The $5,200 buy-in tournament drew 1,995 players which meant it came just five players shy of reaching the number needed to match the $10 million guarantee for the prize pool. A total of 243 players cashed in the sucker, but over half of the prize pool -- $5.446 million -- was still up for grabs with nine left.
During the minutes leading up to today’s restart, the table’s short stack, a Belgian going by “Coenaldinho7,” was proposing to everyone a hilarious nine-way chop in which (if I remember it correctly) each would take half a million, leaving the rest (nearly another milly) up top for the winner. No one even acknowledged that he was saying anything.
The deal requests continued from Coenaldinho7 thereafter, pretty much after each knockout, and finally with five left they got to talking seriously about the possibility. No deal happened then, but one finally did with four remaining -- you can read details over in the recap on the PokerStars blog.
Interestingly, once the deal was made both Coenaldinho7 and beertjes79 (also from Belgium) willingly gave up money to ensure the chop would happen. In fact, beertjes79 -- then the short stack among the four -- volunteered to give up over $50K (taking $800K). Coenaldinho7 meanwhile readily gave up about $27K to ensure a guaranteed payout of $1.1 million. Watching that made it easy to root for both of them going forward, and it was kind of amusing in the end to see Coenaldinho7 take it down to earn a $1.3 million score.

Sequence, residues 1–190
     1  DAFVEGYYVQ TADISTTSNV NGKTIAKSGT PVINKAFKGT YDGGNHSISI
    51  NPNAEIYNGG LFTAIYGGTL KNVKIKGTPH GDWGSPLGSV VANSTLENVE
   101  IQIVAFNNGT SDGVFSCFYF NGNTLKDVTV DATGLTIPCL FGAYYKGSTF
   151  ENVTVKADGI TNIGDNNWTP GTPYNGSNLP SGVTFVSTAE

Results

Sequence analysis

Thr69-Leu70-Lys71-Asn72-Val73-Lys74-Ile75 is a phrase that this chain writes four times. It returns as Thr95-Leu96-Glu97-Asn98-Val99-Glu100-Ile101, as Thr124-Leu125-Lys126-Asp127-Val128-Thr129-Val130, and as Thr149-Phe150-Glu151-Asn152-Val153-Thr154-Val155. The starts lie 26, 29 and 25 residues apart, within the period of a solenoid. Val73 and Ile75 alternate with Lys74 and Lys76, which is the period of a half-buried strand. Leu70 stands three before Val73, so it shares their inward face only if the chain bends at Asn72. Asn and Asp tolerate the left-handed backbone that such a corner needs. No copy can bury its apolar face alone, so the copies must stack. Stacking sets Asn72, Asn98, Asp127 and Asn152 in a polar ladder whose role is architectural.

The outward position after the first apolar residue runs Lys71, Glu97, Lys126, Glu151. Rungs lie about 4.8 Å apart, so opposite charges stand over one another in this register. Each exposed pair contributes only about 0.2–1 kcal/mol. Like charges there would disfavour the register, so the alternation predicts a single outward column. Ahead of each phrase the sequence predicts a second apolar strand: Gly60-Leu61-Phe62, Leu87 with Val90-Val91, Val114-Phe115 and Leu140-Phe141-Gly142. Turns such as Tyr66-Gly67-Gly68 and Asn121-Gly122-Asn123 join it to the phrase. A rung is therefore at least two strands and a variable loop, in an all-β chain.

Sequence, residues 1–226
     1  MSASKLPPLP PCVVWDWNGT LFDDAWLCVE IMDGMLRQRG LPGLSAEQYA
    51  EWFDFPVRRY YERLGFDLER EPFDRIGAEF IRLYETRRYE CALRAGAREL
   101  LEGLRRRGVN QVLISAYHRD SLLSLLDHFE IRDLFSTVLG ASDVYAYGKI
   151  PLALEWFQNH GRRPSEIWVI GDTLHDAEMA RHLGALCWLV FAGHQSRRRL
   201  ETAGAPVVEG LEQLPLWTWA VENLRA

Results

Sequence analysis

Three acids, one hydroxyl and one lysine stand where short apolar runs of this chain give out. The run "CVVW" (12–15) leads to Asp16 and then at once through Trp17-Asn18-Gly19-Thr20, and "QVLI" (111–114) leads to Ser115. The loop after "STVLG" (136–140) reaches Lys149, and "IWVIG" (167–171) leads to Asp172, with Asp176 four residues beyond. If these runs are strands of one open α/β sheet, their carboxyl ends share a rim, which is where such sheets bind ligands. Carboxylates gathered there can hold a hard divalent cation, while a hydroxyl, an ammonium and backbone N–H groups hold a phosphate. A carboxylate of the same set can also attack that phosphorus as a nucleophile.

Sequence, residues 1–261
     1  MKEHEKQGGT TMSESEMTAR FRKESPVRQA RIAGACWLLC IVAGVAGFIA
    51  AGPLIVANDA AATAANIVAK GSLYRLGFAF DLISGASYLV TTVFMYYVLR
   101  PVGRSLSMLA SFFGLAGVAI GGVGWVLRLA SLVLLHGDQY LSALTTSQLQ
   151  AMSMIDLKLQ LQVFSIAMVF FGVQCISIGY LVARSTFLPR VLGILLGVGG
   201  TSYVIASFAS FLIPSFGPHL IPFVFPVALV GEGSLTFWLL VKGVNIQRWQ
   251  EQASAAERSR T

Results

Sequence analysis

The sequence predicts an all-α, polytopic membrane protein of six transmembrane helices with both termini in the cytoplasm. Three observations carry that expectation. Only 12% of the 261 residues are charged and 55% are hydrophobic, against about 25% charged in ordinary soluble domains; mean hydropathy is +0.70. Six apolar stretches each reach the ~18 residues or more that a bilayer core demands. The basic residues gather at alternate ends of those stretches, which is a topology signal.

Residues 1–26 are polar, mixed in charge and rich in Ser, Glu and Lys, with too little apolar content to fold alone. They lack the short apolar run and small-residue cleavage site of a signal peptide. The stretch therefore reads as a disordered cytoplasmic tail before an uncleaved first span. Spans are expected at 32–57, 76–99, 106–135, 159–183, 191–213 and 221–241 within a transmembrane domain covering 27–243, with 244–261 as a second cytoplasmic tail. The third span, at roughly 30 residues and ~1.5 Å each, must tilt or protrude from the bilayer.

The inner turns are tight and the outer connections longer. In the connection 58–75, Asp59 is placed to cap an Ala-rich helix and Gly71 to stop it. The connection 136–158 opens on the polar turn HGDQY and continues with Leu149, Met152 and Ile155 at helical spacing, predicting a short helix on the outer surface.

Have written here before many times about the sometimes fascinating psychology of final table deal-making and how it really becomes in many cases an extension of the game itself. As the WCOOP ME final table was progressing, I noticed talk reviving on Twitter about the WSOP and its draconian prohibition against final table deals (again).
The WSOP changes its line regarding this policy from time to time, and depending on who is addressing the subject and when, you’ll hear different explanations. Sometimes they say it has to do with regulations from Nevada Gaming, which doesn’t really make sense. Other times they’ll suggest not allowing deals protects the players, although that, too, seems counterintuitive, given that the policy forces deal-making “under the table” (so to speak).
Meawhile in the WSOP Conference Call last May it was suggested the policy actually has more to do with spectators and fans than with players. “The general public really doesn’t want to see skill-based games played that way,” explained WSOP Executive Director Ty Stewart. “I can tell you ESPN producers and viewers [also] don’t want to see poker played that way,” he added, suggesting perhaps the prohibition has more to do with what ESPN wants than what the WSOP does.
But as we saw today -- and at many EPT Main Event final tables, too -- the deal-making can sometimes be as entertaining or even more so than the poker itself.